As I mentioned for day two, God has rolled up His sleeves. He wasn’t finished with the project for days two and three, and will complete it today.
Today, He creates the first living thing: vegetation. But, before He can do that, recall that there isn’t any dirt yet in which they could live. We have the heavens, plus water above and below those heavens. The earth is no longer “formless and void”, as it was at the beginning. But, neither water nor air by themselves are good enough for normal plant growth.
So, god causes all the waters under the heavens to be gathered up into one place. Alongside that, or possibly surrounding it, there is dry land. Or, rather, dry land appears separately from the waters. Since the big ball of water He is working on (inside the heavens) is becoming what we know as planet Earth, He must also have created dirt inside the ball as well.
So, this sheds light on the somewhat cryptic “Let the waters below the heavens be gathered into one place, …” (Genesis 1:9) God made all the land, and causes the waters to be gathered into an ocean or several oceans.
NOW God calls His creation “good” again. His two-day project of creating the bulk of the earth is complete. But, He has more to do on day three: He creates vegetation.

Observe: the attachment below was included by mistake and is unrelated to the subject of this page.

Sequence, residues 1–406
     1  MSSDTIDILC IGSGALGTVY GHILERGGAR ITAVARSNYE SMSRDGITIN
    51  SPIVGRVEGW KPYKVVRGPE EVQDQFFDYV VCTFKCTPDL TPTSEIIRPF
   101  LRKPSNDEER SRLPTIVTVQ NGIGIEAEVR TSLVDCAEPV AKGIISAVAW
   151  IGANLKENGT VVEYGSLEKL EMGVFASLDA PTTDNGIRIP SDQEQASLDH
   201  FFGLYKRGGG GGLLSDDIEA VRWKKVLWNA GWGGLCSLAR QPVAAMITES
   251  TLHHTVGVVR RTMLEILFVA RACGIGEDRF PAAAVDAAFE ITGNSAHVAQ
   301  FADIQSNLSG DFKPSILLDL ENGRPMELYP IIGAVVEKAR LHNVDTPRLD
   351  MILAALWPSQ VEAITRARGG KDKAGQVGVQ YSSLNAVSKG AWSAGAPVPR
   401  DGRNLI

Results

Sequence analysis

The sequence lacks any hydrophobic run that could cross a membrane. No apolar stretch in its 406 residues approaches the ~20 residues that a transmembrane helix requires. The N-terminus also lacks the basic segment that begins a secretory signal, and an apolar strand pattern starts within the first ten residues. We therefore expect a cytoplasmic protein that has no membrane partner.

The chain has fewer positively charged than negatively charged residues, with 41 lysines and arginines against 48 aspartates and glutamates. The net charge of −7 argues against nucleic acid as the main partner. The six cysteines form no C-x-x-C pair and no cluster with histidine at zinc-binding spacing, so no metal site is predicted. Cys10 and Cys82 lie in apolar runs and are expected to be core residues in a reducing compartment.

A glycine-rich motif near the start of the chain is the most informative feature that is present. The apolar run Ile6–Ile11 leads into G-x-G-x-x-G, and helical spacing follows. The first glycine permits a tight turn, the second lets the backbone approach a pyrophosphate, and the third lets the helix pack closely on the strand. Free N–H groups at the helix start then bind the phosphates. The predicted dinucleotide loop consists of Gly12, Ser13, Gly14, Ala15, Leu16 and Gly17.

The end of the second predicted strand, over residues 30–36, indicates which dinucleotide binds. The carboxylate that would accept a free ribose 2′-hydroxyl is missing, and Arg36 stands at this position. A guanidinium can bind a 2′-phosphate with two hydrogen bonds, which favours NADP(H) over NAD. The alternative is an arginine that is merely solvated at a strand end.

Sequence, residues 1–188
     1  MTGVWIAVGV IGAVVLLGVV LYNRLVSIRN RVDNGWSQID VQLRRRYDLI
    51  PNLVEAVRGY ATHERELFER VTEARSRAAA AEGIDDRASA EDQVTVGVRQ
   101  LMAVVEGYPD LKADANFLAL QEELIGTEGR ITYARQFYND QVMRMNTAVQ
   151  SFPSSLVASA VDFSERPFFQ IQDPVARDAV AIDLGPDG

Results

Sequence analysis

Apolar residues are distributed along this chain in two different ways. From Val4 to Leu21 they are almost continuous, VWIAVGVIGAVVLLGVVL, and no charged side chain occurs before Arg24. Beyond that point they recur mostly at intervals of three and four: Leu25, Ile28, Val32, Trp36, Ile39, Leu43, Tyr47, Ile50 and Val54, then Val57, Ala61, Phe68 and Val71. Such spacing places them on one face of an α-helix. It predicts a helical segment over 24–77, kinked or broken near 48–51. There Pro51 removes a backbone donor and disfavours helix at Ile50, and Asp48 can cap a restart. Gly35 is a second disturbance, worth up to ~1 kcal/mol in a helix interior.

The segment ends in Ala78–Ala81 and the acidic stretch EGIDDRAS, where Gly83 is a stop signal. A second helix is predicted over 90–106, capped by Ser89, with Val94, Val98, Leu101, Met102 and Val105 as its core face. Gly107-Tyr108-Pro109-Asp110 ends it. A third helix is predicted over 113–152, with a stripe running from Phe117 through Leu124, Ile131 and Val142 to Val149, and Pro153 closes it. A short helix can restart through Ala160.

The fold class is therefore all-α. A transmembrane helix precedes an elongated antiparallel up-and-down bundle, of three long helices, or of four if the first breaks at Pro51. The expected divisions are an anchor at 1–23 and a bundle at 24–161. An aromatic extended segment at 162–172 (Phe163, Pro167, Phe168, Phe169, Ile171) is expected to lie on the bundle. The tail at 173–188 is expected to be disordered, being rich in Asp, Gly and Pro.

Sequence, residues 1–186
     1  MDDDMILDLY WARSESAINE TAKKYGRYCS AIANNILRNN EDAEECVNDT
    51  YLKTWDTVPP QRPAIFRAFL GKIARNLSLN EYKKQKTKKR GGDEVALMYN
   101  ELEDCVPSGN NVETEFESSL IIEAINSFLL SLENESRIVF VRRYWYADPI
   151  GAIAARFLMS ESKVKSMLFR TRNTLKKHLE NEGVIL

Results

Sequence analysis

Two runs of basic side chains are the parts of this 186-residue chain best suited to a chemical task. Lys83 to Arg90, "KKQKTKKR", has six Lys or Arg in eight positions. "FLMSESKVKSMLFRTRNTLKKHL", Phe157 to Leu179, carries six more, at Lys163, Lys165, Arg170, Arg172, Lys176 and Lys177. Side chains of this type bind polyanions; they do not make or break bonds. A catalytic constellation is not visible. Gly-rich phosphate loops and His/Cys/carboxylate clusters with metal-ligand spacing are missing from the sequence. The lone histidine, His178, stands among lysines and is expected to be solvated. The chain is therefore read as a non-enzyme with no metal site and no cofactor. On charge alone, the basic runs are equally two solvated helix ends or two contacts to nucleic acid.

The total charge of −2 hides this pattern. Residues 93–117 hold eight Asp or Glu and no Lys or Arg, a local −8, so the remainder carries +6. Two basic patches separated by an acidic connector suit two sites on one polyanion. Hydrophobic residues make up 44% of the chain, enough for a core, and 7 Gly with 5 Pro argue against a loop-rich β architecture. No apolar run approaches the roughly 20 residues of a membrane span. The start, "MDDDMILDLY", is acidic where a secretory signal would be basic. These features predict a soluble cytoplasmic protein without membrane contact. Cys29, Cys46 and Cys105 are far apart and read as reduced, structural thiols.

Then God repeats Himself, and says the earth brought forth the vegetation. So, the rocks and dirt just sprung vegetation out of themselves. This kind of sheds new light on Jesus statement “I tell you, if these [people] become silent, the stones will cry out!” A serpent (Genesis 3:1) and donkey (Numbers 22:28) spoke. God can do pretty much anything He wants to, so making rocks talk would be no big deal. (I wish I knew what they would say, but I suspect if they DID have to speak out, it would be in judgment, and that would be the end of the road for humanity. So, it may be best we do not know.)
Then, God calls His creation good again on this third day.
It was a solidly productive day.
 Technically, in Biblical terms, plants aren’t living. “Living”, as defined in Scripture, means having the breath of life. But, to our modern ears, plants are living, so I chose to use the modern usage of the term.